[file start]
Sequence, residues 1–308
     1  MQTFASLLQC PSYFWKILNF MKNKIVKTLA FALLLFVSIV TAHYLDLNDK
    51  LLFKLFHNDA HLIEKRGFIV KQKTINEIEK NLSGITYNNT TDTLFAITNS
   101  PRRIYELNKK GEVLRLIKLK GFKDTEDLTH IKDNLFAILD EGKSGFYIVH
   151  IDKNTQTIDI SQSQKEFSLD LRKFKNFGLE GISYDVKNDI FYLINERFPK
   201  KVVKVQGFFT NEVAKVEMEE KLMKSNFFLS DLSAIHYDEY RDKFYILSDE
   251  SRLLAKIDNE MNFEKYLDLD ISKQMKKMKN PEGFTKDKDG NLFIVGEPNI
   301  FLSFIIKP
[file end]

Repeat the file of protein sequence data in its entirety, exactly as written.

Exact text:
Sequence, residues 1–308
     1  MQTFASLLQC PSYFWKILNF MKNKIVKTLA FALLLFVSIV TAHYLDLNDK
    51  LLFKLFHNDA HLIEKRGFIV KQKTINEIEK NLSGITYNNT TDTLFAITNS
   101  PRRIYELNKK GEVLRLIKLK GFKDTEDLTH IKDNLFAILD EGKSGFYIVH
   151  IDKNTQTIDI SQSQKEFSLD LRKFKNFGLE GISYDVKNDI FYLINERFPK
   201  KVVKVQGFFT NEVAKVEMEE KLMKSNFFLS DLSAIHYDEY RDKFYILSDE
   251  SRLLAKIDNE MNFEKYLDLD ISKQMKKMKN PEGFTKDKDG NLFIVGEPNI
   301  FLSFIIKP